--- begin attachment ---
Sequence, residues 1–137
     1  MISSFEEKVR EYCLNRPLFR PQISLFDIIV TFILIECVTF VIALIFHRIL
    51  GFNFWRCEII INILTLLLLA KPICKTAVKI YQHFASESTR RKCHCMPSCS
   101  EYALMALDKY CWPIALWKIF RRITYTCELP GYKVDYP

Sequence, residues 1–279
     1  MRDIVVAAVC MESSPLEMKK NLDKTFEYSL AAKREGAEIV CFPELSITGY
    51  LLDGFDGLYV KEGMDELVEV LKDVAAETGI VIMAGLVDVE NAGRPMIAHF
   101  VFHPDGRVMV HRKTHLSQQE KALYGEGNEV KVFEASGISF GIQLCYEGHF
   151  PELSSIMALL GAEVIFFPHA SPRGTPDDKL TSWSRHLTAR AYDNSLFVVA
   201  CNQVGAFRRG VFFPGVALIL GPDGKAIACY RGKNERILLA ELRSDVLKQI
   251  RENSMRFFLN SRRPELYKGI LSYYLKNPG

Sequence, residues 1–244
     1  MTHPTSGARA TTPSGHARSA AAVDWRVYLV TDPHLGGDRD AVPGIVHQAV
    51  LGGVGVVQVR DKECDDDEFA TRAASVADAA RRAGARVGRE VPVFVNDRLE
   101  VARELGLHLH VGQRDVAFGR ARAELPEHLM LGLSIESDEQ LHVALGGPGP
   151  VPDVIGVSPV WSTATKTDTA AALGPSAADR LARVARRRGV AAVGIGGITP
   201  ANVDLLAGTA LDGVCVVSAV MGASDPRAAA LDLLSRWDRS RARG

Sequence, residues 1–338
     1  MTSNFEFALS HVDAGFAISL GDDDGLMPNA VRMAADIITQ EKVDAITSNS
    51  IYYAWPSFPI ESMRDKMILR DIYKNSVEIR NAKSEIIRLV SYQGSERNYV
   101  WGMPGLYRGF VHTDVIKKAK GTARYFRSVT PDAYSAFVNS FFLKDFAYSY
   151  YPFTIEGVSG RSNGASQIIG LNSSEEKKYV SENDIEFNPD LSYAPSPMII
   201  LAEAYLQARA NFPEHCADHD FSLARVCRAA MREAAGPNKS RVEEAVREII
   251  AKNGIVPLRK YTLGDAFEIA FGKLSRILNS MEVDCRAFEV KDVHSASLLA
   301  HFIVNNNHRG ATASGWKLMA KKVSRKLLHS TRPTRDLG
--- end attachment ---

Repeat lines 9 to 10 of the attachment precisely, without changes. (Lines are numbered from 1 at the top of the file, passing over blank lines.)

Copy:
   151  PELSSIMALL GAEVIFFPHA SPRGTPDDKL TSWSRHLTAR AYDNSLFVVA
   201  CNQVGAFRRG VFFPGVALIL GPDGKAIACY RGKNERILLA ELRSDVLKQI